I’m afraid we have to have “The Talk.” Yes, we’ve been through a lot together, the dreaming, the planning, the late nights. But sometimes in a relationship you have to ask, “Is this still working?”
And right now, the answer is no.
It’s not you, it’s me.
I need more than you’re able to give me right now. I know you’re young and have things to work out, and I support you in all of your disruptive dreams — but right now — I think we need to take a break.
I need to move on. But know this: you’ll always be with me. I’m going to put you and our relationship on hold right now. I promise you that “out of sight doesn’t mean out of mind.”
I'm fascinated by the intersection of tech and story. I've been exploring how technology influences the way we tell "Story" for over 20 years. The printing press influenced storytelling, early photography (called "the mirror with a memory" when it first appeared) changed it, film, TV, CD ROMs, web, smartphones are all influencers on storytelling.
The challenge is to see the new tech not as a way to port existing techniques to the new, like laying a legacy newspaper format online, but to explore what is intrinsic to the new tech. How can a short video enhance a text-based story? How do links enrich an article. How about interactivity: articles no longer need be linear but can move between media, timelines, even other articles.
One of the first tools we are introducing on CrowdNews to help journalists explore the ways technology can influence “Story” is our “Newstream®.” Newstreams give our member journalists the freedom to define the life of a story. A Newstream consists of components of information and content that comprise a story, presented over time. We call each component of a Newstream a “Dispatch". A Dispatch can be a text article, a video clip, a map, an audio file, other media, or a combination of all of them. (More about Newstreams)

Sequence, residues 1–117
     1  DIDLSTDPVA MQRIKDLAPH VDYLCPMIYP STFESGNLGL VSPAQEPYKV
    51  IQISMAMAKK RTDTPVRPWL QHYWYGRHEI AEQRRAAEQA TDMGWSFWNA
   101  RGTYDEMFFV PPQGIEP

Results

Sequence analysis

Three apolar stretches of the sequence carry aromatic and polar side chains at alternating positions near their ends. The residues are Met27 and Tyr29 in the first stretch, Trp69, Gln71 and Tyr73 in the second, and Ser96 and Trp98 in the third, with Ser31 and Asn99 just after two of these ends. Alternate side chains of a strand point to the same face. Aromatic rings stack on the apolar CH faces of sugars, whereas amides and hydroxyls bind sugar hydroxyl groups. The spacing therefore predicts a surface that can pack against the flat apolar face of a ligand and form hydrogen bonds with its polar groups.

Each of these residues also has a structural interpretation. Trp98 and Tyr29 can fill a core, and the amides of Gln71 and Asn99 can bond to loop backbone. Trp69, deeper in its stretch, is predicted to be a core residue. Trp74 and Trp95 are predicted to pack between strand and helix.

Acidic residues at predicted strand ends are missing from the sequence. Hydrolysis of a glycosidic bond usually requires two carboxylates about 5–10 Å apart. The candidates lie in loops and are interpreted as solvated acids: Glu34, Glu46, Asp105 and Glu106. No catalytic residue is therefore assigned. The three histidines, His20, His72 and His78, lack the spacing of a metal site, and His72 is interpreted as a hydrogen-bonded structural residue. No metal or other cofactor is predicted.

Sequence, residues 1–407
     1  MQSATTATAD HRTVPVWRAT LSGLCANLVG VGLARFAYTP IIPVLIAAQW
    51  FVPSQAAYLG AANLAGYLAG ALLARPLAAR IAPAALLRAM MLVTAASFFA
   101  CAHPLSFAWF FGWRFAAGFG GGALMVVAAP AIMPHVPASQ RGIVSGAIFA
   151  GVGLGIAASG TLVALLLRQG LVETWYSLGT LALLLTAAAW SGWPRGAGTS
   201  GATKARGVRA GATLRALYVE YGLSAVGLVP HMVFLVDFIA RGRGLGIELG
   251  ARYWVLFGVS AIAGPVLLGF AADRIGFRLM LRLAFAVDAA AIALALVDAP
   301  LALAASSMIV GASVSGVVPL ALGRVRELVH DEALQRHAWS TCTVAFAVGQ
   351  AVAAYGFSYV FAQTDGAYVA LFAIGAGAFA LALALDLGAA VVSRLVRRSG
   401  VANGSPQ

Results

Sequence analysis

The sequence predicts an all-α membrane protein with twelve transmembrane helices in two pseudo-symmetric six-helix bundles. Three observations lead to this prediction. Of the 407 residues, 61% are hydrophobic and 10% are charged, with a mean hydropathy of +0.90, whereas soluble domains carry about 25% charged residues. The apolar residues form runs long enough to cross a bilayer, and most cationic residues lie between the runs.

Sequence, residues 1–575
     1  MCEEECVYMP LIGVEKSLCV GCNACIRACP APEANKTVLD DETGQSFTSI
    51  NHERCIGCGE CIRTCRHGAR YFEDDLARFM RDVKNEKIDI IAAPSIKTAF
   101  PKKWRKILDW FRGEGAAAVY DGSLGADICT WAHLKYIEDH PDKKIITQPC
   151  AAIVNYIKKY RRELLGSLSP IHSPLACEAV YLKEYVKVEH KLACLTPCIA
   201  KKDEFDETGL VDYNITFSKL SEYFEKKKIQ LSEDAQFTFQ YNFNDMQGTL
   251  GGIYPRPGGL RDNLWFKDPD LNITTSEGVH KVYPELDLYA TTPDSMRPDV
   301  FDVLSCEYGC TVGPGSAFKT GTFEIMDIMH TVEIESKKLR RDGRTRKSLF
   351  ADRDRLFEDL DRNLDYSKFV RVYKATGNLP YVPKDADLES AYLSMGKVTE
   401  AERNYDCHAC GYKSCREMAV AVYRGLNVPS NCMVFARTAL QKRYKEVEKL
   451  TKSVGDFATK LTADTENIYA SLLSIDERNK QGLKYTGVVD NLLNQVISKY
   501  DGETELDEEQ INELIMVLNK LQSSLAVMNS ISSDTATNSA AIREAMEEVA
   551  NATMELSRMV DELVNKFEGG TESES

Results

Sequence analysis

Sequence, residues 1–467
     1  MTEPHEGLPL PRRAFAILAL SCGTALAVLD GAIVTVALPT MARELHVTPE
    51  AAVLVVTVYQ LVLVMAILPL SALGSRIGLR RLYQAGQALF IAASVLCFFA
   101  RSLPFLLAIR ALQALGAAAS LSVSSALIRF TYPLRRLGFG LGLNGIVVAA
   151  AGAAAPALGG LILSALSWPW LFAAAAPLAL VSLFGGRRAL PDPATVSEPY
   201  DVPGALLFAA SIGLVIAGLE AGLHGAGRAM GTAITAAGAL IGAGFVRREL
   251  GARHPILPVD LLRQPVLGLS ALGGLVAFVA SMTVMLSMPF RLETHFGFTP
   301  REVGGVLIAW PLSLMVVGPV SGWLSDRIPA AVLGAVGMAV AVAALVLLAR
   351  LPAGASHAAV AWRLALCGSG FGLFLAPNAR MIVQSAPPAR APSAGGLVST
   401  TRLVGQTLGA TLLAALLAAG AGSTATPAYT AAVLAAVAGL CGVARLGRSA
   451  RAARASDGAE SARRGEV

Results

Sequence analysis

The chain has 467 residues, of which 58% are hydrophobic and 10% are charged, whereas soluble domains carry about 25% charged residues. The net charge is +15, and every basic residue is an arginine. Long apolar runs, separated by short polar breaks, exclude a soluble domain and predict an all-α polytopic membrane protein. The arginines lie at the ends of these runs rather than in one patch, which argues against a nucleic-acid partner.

So here’s an exercise: imagine a story you want to write. Now imagine what might be missing using only the written word, say a story that references a particular sound. Maybe it’s about a musical instrument, or an elephant’s cry, or the different sounds car designers are anticipating putting on the new silent electric cars. Adding an audio file to a written text lets your audience experience that story in a much richer way.
Digital media allows us to hear a part of a story that should be heard rather than read about.
What I’m really excited about is exploring how a journalist could use virtual reality to tell a story. With VR, a journalist could physically guide me around the grassy knoll where Kennedy was shot, take me on an exploration of an Ebola clinic, explain monetary policy, put me on the field of an NFL game.
But that’s a ways off yet. While William Gibson's books aren’t specifically about journalism and storytelling (even though he tells great stories), his works have been a big influence on my vision of technology-influenced storytelling and journalism. In Spook Country Gibson introduced me to locative art.
The first strand of the novel follows Hollis Henry...a freelance journalist. She is hired by advertising mogul Hubertus Bigend to write a story for his nascent magazine Node (described as a European Wired) about the use of locative technology in the art world.
Wikipedia talks about Location-based media:
Location-based media (LBM) delivers multimedia and other content directly to the user of a mobile device dependent upon their location. Location information determined by means such as mobile phone tracking and other emerging Real-time locating system technologies like Wi-Fi or RFID can be used to customize media content presented on the device. – Wikipedia Locative Media